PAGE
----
Hearst Foundation Supports Mint Education Programs

Grant will help fund Museum’s school programs and community outreach

The Mint Museum has received a $90,000 grant from The Hearst Foundation, Inc. to support educational programming for children and youth, as well as the teachers who instruct them in art. This is Hearst’s third grant to the Mint. The timing of this renewed support is particularly key as the institution is completing a major expansion project that entails opening a new uptown Charlotte facility.

The grant will help fund the myriad of classes, tours, student art exhibitions, workshops and numerous other learning activities that annually impact approximately 40,000 children and youth, many of whom are underserved and at-risk. The hundreds of teachers who benefit from enrichment opportunities at the Mint each year pass on what they learn to thousands of students, thereby bolstering the K-12 school art curriculum. The high-quality, inclusive educational opportunities offered by the museum are intrinsic to the institution’s mission and give young people a valuable introduction to the arts, instilling in many of them a lifelong interest in and understanding of art and craft.

Research has shown that students who participate in rigorous arts programs are four times more likely to be recognized for academic achievement, and four times more likely to participate in a math or science fair, among other accomplishments. The Mint bolsters the arts in schools by serving as a parallel classroom for K-12 students and an educational resource for teachers. Its collections, exhibitions and programs encourage a thoughtful exploration of human culture that supplements classroom learning in ways that are accessible to students of various ages, socio-economic levels, ethnicities and learning styles.

“It is an honor to receive special recognition and support once more from a national enterprise such as the Hearst Foundation,” said Director of Education Cheryl Palmer. “This grant will help inaugurate the new Mint Museum Uptown and allow us to offer many more educational programs for children, families and schools.”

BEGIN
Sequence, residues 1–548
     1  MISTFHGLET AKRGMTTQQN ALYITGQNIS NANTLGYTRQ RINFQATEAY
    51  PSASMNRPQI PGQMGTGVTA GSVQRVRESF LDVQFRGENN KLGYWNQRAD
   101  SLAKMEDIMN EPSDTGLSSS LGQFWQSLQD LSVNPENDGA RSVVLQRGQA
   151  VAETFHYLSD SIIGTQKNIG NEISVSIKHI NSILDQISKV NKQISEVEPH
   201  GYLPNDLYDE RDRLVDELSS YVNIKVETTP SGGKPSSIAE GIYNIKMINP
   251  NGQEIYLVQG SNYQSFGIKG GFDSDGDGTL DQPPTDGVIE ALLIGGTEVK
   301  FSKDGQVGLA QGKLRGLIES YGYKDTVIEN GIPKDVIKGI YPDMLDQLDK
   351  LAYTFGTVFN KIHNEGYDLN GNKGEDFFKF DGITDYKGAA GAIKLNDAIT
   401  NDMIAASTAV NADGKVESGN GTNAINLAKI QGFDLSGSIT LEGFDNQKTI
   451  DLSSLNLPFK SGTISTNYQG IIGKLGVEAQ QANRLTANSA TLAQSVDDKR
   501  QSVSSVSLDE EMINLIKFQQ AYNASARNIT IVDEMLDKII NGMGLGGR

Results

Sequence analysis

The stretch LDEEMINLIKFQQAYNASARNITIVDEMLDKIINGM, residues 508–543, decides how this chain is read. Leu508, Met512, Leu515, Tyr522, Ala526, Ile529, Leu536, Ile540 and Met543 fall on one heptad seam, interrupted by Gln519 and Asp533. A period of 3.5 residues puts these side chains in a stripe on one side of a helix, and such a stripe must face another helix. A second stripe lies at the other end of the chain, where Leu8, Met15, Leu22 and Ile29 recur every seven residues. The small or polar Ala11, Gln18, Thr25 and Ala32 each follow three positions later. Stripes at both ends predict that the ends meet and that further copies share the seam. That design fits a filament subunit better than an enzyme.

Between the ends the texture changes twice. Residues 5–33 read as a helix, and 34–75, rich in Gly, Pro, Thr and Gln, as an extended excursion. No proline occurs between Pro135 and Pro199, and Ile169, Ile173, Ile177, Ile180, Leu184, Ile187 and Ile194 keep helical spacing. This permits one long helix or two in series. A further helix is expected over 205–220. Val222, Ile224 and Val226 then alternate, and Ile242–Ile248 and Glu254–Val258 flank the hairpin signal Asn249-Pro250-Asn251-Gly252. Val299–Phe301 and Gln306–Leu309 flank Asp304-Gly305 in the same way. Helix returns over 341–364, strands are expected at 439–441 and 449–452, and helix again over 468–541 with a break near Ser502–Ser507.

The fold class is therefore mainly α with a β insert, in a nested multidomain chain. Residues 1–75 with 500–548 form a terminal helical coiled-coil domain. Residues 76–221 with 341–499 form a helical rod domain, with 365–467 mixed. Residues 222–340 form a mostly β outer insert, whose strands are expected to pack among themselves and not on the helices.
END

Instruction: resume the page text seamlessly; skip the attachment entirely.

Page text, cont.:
The Mint Museum Uptown will open in October 2010. One of the centerpieces of this facility will be a 1,845-square-foot Family Gallery, designed as a fun place for families with children ages 18 months to 10 years to feel comfortable with art as they explore activities together. It will incorporate works of art from the permanent collection and hands-on activities, and serve as a family-oriented introduction to the entire museum.

The new museum will feature two studio classrooms to expand the number of painting, drawing, mixed media and clay classes offered for teachers, teens, children and adults. In addition to the studio classrooms, there will be small classrooms on the two gallery levels in the new facility for simple hands-on activities with tour groups. A larger auditorium, educational technology in the galleries, reading areas, and flexible public spaces inside and outside on terraces will be important components to reach a broad audience.

The charitable goals of the Hearst Foundations reflect the philanthropic interests of William Randolph Hearst. The Hearst Foundation, Inc. was founded in 1945 by publisher/philanthropist William Randolph Hearst. In 1948, Mr. Hearst established the California Charities Foundation, renamed the William Randolph Hearst Foundation in 1951. Both Foundations are national private philanthropies operating independently from The Hearst Corporation.

The Hearst Foundations are national philanthropic resources for organizations and institutions working in the fields of education, health, culture and social service. Their goal is to ensure that people of all backgrounds have the opportunity to build healthy, productive and inspiring lives. The Hearst Foundations support programs that enrich the lives of young people by engaging them in cultural activities, primarily through arts-in-education programs. Grants are awarded to major institutions and community organizations in the arts and sciences that address the lack of arts programming in pre-kindergarten through 12th grade curricula by providing comprehensive, on-site and/or outreach education activities.

The two Foundations are managed as one entity, sharing the same funding guidelines, leadership, and staff. Staff based in the headquarters in New York City review all proposals from organizations located east of the Mississippi River, and staff in the San Francisco office review requests from organizations west of the Mississippi.